Using a solid paint color ended up making the entire room look a lot more spacious than when wallpaper was used. The use of mirrored sliding cabinets not only saved space but it also added to the illusion that the room is bigger than it actually is.
Taken from https://www.youtube.com/watch?v=dKS8AnI6Ahk
The old backyard used to have some trellis installed and the entire garden looked unkempt. Pruning the trees, trimming and planting the same type of grass on empty spots on the ground, and removing the installed trellis instantly transformed the entire backyard, making it look a lot brighter.
Taken from https://www.youtube.com/watch?v=dKS8AnI6Ahk
Most split-level homes that have never been updated retain the retro vibe from more than half a century ago – it makes the entire house look like it should have stayed on that era. Updating the look and feel of your home, including the appliances like those in the kitchen above, will dramatically change the interiors.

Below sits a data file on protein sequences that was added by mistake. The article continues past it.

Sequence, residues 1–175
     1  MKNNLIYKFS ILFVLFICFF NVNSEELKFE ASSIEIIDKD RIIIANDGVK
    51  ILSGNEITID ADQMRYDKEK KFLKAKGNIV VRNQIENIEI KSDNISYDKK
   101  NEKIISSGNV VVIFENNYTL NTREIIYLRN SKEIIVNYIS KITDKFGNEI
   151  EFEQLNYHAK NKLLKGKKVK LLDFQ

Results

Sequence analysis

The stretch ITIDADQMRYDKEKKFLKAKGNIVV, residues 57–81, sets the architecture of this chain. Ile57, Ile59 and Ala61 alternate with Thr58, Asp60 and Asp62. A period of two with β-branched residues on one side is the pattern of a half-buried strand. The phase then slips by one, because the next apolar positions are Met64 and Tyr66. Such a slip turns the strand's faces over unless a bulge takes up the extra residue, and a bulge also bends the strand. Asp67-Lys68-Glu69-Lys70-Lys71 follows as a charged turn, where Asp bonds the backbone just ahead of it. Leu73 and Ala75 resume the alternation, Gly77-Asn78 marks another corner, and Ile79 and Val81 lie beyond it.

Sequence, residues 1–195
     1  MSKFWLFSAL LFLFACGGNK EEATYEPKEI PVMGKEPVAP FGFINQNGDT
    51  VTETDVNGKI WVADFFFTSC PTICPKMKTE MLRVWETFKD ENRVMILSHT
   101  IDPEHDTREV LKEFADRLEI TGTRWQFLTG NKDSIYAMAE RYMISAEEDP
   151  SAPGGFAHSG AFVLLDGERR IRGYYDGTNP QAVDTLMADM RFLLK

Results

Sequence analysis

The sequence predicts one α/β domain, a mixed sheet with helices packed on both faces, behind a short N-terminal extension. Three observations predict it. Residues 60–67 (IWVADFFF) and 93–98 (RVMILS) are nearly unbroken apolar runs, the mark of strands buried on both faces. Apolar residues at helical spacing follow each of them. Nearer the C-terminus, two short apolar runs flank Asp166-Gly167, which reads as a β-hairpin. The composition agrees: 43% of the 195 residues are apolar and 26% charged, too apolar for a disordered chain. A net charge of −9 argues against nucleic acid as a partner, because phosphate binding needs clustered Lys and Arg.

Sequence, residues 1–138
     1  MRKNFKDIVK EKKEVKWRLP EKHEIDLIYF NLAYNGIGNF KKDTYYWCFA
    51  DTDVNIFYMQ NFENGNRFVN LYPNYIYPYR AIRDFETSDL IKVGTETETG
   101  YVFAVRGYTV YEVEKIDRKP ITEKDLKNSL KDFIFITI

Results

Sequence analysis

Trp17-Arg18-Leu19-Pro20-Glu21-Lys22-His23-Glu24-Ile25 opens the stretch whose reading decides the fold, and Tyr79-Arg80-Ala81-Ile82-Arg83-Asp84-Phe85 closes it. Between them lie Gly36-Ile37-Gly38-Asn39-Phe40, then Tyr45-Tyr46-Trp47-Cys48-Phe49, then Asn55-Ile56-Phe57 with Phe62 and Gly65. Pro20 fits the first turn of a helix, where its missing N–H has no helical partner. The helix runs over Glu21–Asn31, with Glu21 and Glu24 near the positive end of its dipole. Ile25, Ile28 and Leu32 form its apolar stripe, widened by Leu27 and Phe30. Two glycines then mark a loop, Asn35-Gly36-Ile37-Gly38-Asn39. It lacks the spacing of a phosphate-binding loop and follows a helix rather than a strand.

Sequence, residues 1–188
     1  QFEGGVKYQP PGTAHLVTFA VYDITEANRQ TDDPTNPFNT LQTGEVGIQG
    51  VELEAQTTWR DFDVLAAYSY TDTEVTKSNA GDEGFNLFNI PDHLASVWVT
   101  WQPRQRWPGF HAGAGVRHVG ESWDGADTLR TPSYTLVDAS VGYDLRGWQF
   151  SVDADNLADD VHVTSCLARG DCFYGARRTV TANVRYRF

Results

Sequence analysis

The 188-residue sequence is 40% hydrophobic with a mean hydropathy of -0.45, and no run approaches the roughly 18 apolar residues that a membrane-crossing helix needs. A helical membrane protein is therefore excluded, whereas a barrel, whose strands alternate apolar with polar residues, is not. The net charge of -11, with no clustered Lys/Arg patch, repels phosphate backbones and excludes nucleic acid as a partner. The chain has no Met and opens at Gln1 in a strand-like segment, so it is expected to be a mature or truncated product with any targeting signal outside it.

Taken from https://www.youtube.com/watch?v=QHaeHzf4iBU
Do you now have at least a vague idea of what kind of remodeling you should do to your home?
Many homeowners concentrate on remodeling the inside of their home and neglect to work on the exteriors as well. This results in a stark contrast, especially when the differences are very obvious. On the outside, you have paint chipping off, loose steps, landscaping that is in bad shape, the list goes on. Step inside the house and you’ll see polished flooring, shiny appliances, freshly-painted walls, and so much more.
A perfectly remodeled home involves not just the inside but also the outside. And for split-level homes, the ideal remodel involves also the sides of the house. This is due to the fact that the sides of this type of home tend to be boringly blank – you’re actually lucky if you even have windows on the sides.